Production, Economic Growth and Conflict in Risky Elections

This paper analyses typical situations which exist before and after an election.
First, the incumbent and his or her challenger make choices that affect the
election results. Second, the election itself determines who wins. Third, the
loser may or may not accept defeat. If the defeat is not accepted, either a standoff
or a coalition between the incumbent and challenger follows. We assume that
the incumbent directs his or her resources into the following activities,
which affect the chance of winning an election: production, fighting with
the challenger, and providing public goods. Similarly, the challenger directs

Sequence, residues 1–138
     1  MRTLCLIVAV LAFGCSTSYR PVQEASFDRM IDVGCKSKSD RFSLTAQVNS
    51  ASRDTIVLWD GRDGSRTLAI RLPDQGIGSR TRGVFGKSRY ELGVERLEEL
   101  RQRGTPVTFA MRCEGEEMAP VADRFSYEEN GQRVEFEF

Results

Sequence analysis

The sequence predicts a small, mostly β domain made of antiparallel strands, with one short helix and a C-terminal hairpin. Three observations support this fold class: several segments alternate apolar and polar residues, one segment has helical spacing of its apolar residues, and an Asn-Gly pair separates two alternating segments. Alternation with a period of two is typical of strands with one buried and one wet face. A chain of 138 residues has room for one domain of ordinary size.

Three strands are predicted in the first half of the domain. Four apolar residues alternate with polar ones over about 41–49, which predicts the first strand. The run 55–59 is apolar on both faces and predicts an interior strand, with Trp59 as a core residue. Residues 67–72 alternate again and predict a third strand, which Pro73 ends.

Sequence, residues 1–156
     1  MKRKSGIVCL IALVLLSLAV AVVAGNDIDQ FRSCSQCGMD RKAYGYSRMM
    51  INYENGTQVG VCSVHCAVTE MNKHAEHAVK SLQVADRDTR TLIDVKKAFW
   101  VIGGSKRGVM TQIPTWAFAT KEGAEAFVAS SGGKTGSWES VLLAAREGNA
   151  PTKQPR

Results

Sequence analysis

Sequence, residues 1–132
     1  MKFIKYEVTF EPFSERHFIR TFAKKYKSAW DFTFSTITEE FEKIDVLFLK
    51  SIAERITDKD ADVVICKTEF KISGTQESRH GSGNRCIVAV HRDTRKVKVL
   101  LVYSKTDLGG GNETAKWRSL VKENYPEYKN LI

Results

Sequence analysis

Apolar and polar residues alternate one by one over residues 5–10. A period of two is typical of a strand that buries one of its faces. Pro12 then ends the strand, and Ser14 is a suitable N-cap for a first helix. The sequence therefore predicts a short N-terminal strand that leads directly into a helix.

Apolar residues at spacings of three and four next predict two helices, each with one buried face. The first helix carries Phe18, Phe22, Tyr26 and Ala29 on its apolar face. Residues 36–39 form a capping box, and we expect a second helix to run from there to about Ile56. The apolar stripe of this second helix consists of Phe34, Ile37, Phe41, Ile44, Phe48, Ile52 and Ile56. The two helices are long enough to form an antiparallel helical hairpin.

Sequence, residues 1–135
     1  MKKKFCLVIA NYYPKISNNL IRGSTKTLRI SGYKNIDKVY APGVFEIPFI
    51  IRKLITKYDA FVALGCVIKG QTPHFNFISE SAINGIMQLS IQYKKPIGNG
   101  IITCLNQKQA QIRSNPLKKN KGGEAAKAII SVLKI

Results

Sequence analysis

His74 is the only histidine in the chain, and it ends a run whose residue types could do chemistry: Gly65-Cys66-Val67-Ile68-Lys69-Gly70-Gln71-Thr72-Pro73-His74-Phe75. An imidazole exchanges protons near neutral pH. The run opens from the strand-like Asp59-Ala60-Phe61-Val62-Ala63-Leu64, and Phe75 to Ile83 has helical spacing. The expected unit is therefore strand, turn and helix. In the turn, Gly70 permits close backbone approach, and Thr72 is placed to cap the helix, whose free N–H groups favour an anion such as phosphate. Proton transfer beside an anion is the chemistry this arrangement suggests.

his or her resources into production and fighting with the incumbent. We
examine six possible election outcomes based on whether the incumbent wins,
the challenger wins, and whether a standoff or coalition arises after either
one of the players wins. We draw conclusions about the effect of the various
choices which the incumbent and challenger make. Our analysis is mapped
to and tested against empirical data from 51 African elections held between
2006 and 2011 (including one in Eritrea in 1993), which are classified
into the six outcomes. A variety of regression results are determined. For
example, the current empirical material shows that the election outcome
depends crucially on fighting between the incumbent and challenger, and
less on public goods provision to the population.

File Type: pdf
Categories: Journal of African Elections
Tags: conflict, election, fighting, game, production, risk
journal of african elections vol14 number 2 transparent democratic governance in africa